Given worries about calibrating introspection, researchers have asked subjects to provide a different metacognitive assessment of conscious states via reports about confidence (Grimaldi, Lau, & Basso 2015; Pouget, Drugowitsch, & Kepecs 2016). A standard approach is to have subjects perform a task, say perceptual discrimination of a stimulus, and then indicate how confident they are that their perceptual judgment was accurate. This judgment about perception can be assessed for accuracy by comparing the metacognitive judgment with perceptual performance (for discussion of formal methods such as metacognitive signal detection theory, see Maniscalco & Lau 2012). Related paradigms include post-decision wagering where subjects place wagers on specific responses as a way of estimating their confidence (Persaud, McLeod, & Cowey 2007; but see Dienes & Seth 2010).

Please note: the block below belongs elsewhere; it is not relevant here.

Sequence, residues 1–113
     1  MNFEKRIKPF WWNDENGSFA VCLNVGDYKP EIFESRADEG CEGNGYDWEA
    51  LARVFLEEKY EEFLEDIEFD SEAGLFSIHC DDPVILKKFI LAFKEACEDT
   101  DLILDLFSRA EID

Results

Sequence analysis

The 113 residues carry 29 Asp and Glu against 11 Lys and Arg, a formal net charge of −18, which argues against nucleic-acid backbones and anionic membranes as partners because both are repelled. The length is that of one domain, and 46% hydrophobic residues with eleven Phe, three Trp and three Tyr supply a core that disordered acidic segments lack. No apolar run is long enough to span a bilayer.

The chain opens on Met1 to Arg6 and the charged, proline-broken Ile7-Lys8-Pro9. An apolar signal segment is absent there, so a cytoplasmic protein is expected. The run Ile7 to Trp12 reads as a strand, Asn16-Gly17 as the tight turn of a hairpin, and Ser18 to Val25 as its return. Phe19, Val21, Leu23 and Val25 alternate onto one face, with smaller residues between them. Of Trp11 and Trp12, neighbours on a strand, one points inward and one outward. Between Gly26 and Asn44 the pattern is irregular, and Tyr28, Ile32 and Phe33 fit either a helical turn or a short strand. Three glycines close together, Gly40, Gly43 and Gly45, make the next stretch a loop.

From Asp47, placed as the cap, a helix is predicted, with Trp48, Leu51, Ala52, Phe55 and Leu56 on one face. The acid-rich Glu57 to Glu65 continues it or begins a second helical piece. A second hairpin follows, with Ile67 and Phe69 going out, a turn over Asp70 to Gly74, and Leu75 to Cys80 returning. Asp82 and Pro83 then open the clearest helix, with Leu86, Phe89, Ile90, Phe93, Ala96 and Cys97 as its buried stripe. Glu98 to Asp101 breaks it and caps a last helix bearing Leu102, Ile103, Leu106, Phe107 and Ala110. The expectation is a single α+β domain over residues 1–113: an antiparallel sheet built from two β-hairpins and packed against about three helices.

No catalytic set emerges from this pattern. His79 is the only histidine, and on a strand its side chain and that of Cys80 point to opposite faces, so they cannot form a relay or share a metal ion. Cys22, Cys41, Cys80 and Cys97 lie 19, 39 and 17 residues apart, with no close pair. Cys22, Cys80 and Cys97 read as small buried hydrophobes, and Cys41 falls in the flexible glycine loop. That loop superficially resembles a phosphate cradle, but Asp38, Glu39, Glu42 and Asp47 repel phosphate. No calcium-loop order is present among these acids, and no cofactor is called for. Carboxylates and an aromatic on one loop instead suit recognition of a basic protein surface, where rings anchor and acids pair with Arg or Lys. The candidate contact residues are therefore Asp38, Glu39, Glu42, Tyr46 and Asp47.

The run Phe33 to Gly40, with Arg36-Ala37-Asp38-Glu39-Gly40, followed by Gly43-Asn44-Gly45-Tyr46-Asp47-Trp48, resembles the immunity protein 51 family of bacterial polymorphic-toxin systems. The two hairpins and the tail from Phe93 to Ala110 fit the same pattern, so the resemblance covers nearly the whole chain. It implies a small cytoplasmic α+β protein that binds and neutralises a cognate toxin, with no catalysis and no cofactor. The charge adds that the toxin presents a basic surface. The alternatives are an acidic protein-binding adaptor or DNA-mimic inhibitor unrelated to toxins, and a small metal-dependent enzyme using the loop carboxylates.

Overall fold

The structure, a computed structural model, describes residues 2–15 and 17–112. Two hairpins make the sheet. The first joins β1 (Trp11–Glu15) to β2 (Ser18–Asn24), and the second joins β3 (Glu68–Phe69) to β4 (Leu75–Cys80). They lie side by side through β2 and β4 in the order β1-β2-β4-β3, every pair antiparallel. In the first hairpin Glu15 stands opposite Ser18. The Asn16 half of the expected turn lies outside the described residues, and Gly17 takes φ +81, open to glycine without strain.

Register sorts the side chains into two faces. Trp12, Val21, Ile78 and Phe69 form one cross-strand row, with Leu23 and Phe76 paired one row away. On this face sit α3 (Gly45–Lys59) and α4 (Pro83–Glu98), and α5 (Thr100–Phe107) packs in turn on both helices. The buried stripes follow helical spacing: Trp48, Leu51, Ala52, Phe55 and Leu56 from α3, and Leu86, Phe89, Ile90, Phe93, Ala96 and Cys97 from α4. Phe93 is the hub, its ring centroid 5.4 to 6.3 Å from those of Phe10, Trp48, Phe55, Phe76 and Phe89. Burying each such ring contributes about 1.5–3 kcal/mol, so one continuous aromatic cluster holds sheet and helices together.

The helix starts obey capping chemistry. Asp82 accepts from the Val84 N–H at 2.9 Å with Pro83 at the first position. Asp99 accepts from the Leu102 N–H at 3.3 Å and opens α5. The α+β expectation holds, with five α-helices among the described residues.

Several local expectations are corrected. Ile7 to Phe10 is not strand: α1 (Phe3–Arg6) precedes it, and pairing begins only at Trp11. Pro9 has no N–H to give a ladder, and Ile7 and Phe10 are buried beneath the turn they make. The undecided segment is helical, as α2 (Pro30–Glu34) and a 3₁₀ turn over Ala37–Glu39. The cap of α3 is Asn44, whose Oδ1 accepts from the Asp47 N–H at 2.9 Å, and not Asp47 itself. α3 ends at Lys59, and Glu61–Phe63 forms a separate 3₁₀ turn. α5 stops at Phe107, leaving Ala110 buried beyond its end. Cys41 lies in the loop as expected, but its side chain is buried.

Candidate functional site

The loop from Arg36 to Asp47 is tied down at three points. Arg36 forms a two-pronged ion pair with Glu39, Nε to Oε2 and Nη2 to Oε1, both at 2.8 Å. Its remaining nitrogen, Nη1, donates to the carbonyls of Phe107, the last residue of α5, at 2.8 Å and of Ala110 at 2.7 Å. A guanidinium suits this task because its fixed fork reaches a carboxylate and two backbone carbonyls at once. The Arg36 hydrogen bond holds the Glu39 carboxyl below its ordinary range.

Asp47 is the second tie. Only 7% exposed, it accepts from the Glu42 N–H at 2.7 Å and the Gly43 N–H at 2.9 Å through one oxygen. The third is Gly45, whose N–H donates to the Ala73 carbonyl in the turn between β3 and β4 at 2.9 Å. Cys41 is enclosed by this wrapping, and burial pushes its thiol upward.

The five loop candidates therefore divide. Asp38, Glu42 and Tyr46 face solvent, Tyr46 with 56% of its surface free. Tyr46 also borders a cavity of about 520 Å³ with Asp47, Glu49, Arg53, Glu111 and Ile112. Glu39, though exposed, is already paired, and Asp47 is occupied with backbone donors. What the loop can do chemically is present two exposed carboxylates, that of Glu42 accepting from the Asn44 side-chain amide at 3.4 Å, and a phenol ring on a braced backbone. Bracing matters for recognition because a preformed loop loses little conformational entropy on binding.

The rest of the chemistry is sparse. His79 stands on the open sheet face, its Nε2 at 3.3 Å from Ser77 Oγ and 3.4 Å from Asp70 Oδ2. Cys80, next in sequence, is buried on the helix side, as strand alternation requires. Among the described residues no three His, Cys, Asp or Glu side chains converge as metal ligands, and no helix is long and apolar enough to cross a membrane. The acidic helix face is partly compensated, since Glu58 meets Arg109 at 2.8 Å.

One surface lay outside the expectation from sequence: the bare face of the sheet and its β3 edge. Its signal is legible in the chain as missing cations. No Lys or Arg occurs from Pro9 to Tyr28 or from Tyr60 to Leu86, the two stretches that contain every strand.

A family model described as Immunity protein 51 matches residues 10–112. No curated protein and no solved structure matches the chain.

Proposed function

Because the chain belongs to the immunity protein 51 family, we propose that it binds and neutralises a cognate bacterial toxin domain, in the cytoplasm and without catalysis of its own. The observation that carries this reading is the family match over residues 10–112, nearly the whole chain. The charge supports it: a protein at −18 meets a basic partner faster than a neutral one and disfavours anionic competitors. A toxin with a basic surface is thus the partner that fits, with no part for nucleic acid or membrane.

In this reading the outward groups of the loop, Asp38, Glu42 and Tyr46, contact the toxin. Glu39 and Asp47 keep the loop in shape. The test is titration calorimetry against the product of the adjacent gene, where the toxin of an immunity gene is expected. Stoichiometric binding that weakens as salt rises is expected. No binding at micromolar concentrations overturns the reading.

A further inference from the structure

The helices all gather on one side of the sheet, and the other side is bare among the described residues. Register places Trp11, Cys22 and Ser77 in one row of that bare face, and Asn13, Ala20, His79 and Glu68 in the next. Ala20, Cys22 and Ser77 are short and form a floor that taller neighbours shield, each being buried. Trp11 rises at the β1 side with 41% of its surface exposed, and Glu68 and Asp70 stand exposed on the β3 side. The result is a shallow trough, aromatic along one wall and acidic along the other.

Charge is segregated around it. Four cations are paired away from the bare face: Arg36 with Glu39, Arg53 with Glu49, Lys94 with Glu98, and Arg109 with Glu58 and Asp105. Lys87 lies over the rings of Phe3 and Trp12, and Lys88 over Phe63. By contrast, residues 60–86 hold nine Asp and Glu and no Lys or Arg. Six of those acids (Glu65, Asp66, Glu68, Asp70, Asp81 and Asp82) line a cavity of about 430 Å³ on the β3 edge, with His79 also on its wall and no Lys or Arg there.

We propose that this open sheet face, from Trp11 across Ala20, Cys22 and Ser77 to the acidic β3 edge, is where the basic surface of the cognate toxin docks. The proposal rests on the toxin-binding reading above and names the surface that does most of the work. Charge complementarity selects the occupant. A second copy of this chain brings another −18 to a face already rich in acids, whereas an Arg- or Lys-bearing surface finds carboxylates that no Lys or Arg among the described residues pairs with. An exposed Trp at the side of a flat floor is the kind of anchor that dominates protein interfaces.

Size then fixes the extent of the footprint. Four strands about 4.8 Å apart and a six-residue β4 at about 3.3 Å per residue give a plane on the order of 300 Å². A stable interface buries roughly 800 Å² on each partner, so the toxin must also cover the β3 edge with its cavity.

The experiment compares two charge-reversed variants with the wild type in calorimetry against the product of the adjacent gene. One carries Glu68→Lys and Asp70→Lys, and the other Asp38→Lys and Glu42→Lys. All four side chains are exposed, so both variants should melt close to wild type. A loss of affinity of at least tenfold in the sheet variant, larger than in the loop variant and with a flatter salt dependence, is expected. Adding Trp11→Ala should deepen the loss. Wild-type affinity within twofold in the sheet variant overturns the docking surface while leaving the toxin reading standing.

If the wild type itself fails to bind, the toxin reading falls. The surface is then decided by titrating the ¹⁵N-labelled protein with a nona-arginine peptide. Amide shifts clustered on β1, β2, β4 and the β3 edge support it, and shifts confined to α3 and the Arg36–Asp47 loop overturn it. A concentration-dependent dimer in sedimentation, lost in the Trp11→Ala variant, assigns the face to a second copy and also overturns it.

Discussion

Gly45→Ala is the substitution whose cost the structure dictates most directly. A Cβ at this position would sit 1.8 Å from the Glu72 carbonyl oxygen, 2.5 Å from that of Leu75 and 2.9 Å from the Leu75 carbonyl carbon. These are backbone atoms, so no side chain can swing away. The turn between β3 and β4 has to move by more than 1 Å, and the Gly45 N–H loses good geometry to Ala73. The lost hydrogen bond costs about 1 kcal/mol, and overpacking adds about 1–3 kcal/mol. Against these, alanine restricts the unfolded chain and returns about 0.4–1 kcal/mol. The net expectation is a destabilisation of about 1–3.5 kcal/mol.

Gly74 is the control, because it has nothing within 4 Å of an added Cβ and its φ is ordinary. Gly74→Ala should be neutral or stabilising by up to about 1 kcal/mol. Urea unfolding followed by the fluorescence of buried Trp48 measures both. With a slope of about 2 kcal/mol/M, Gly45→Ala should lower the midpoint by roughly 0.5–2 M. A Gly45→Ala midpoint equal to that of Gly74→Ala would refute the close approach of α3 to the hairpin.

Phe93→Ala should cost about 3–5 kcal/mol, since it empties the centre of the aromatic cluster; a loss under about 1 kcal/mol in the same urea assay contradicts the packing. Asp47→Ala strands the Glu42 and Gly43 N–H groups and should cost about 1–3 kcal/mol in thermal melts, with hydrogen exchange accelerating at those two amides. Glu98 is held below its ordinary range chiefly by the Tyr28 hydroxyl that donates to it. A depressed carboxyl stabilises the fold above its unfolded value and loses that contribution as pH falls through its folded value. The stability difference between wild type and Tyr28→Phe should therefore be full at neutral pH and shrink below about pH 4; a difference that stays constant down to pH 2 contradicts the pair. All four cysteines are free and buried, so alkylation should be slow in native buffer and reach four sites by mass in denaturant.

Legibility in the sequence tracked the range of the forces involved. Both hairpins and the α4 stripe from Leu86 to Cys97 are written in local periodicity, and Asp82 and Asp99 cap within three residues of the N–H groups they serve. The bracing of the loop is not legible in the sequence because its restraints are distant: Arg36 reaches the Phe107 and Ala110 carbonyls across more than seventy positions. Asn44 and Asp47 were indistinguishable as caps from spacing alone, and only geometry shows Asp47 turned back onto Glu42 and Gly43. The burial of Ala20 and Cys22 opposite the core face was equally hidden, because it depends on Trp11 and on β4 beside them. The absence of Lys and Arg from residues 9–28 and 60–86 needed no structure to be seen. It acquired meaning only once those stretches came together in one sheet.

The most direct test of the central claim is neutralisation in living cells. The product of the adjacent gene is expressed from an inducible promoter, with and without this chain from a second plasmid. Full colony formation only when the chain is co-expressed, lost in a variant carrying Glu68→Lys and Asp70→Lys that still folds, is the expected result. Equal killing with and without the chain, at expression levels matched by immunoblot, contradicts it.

How is metacognitive assessment of performance tied to consciousness? The metacognitive judgment reflects introspective assessment of the quality of perceptual states and can provide information about the presence of consciousness. For example, Peters and Lau (2015) tested whether normal subjects have unconscious vision under conditions of visual masking, a method that seems to eliminate conscious vision to a stimulus but allows for accurate visually guided behavior to it (Breitmeyer & Ogmen 2006). They presented stimuli in two temporal “windows” under masking but where the stimulus was present in only one window and a “blank” present in the other. If subjects accurately respond to the stimulus but showed no difference in metacognitive confidence in respect of the quality of perception of the target versus of the blank, this would provide evidence of the absence of consciousness in vision (effectively, blindsight in normal subjects; section 4.2). Interestingly, Peters and Lau found no evidence for unconscious vision in their specific paradigm.